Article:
Public Invited to "Push-In Ceremony" to mark the Introduction of New Fire Engine

Last Updated on Saturday, 16 December 2017 12:39

FOR IMMEDIATE RELEASE                                 Asst. Chief Ryan Scharnhorst

Friday, Dec. 15, 2017                                        Capt. Eric Reiber





          PULLMAN—The Pullman Fire Department is inviting the public to attend a “push-in ceremony” that will mark the introduction of its new fire engine on Friday, Dec. 22 at 2 pm at Fire Station 1 at 620 S. Grand Ave. The public can check out the new engine, tour the fire station and enjoy some light refreshments after the ceremony.

          Asst. Chief Ryan Scharnhorst said fire departments are rich with tradition and this ceremony goes back to the days of the horse drawn fire equipment.  After the ladder or steam pumper was displayed, firefighters needed to push in the wagon back into the station.  In this case, “there will be someone driving the new fire engine with a little help from our firefighters,” Scharnhorst said.

          The new 2017 engine weighs around 45,000 pounds and carries 500 gallons of water, according to Capt. Eric Reiber, who put the specifications together and helped design the new engine built by Spartan Emergency Response Vehicles.  Reiber said Pullman’s hills and streets drives the cost of the fire engine when you factor in the size of the motor, transmission, gear ratios and rear driveline required to maneuver some of our city streets with 11 to 15 percent grades.

          Reiber said it can be three to four years before a new piece of equipment finally arrives to be placed into service.  He said from the time the department gathers all the material and lists the specifications, to the bid process, and then the construction—which in this case included four on-site visits near Sioux Falls, South Dakota by Reiber and the city’s automotive repair supervisor, Chris Arvas—before the equipment finally arrives in the city.  Then once it arrives, crews need to place Pullman equipment on the rig.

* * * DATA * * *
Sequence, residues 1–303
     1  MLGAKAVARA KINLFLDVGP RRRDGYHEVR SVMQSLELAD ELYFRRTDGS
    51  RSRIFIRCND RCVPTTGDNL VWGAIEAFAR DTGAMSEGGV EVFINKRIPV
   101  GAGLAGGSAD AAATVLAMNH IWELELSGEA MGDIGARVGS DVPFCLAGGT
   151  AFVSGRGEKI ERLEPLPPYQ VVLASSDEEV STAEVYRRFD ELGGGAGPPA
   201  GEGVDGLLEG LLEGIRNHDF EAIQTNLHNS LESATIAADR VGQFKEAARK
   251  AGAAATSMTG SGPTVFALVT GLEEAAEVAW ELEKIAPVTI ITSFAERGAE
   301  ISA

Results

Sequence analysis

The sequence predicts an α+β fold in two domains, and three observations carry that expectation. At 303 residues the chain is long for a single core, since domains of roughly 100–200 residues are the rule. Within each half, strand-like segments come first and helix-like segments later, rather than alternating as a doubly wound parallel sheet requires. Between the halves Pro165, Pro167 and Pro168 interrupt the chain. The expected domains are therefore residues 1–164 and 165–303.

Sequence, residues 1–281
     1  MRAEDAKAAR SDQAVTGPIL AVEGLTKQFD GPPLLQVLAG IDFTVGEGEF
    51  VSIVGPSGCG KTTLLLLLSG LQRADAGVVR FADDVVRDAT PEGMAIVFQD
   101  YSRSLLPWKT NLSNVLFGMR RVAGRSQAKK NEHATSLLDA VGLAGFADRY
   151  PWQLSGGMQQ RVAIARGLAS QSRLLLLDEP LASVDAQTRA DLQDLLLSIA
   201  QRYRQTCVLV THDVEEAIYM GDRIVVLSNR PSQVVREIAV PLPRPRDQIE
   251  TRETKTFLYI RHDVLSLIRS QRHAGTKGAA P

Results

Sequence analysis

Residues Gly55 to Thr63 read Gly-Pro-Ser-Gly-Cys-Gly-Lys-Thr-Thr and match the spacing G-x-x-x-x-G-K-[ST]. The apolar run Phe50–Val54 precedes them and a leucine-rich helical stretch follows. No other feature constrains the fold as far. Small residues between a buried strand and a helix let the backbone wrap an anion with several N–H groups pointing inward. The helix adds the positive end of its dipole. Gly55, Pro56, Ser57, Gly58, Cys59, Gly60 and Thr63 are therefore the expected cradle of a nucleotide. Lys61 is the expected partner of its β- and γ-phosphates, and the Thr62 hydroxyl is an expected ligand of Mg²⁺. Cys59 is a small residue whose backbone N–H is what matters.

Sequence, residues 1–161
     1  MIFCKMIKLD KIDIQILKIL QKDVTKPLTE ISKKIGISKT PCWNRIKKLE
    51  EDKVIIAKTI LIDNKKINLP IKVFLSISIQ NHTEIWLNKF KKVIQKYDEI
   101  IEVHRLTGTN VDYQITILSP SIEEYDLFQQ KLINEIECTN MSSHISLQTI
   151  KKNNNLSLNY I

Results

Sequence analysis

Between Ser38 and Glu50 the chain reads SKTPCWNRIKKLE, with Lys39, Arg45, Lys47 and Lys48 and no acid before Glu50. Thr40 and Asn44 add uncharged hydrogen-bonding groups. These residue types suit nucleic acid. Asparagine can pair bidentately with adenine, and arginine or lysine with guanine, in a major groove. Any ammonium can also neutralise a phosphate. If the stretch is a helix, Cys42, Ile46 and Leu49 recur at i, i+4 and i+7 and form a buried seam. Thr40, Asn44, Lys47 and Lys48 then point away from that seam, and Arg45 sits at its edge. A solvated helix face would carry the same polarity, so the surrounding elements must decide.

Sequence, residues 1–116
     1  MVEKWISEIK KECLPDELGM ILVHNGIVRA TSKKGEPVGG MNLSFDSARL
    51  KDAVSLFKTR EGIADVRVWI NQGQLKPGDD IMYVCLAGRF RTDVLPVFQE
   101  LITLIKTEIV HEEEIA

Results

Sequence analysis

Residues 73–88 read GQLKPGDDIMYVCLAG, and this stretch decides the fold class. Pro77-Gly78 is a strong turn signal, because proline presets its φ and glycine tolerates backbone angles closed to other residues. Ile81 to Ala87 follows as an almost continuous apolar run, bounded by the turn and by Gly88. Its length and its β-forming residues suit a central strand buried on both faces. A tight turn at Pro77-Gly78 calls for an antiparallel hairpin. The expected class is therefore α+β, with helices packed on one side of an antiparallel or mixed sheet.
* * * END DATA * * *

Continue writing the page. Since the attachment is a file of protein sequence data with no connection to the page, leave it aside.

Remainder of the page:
The public will notice that the new engine is close in design to the engine that the city put in service two years ago at Station 2. “But, just like in new cars, there are changes in the electronics in this engine, changes in the heating and cooling system and there are new restraints to protect personnel if the engine is involved in an accident,” Reiber said.   Older fire engines have manual valves and levers that fire engineers need to move up and down to control water flow. “There are no levers on this engine,” Reiber mentioned, “it’s all done electronically.”  This engine and its two- year-old close cousin both are equipped with cabinets to store turnouts that firefighters wear when fighting fires.  He said Washington state law requires, what national fire guidelines recommend, that all used gear be in closed cabinets to prevent firefighters from breathing in any harmful chemicals that their clothing may have acquired while they were fighting a fire.  Loose equipment is no longer allowed in the cabs to prevent injuries in the event of an accident. 

          The previous engine the city purchased came with financial assistance from a Federal Emergency Management Agency grant.   The price tag on this engine was $650,000 and was paid for without grant money.  The city picked up more of the cost but Washington State University contributed 20-percent or $136,000 towards its purchase.                


(Written by Glenn Johnson, PFD/PIO)